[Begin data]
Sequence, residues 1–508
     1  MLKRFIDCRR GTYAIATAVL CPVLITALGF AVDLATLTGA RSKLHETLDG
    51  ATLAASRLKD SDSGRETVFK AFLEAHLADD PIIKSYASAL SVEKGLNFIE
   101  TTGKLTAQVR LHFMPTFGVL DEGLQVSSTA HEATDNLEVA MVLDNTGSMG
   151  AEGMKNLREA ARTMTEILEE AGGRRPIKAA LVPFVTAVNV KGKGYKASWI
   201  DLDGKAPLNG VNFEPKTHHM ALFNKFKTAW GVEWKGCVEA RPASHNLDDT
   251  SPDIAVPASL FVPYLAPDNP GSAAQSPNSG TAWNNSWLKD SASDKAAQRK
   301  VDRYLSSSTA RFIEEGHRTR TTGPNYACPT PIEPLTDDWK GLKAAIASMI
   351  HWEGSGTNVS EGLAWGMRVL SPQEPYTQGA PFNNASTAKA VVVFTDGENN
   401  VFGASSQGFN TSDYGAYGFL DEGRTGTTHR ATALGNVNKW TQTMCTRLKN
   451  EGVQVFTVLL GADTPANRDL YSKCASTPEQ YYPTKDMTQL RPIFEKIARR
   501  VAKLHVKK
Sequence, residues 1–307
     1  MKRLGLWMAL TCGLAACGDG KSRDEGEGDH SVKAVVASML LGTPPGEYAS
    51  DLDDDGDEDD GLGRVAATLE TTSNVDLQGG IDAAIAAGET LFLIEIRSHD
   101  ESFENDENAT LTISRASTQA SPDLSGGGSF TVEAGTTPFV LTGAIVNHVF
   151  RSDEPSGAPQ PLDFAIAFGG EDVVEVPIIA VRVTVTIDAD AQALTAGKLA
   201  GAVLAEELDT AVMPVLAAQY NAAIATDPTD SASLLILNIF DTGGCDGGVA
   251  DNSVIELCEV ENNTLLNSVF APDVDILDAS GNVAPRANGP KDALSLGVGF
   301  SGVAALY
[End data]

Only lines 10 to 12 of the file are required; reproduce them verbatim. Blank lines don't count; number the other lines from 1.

   401  VFGASSQGFN TSDYGAYGFL DEGRTGTTHR ATALGNVNKW TQTMCTRLKN
   451  EGVQVFTVLL GADTPANRDL YSKCASTPEQ YYPTKDMTQL RPIFEKIARR
   501  VAKLHVKK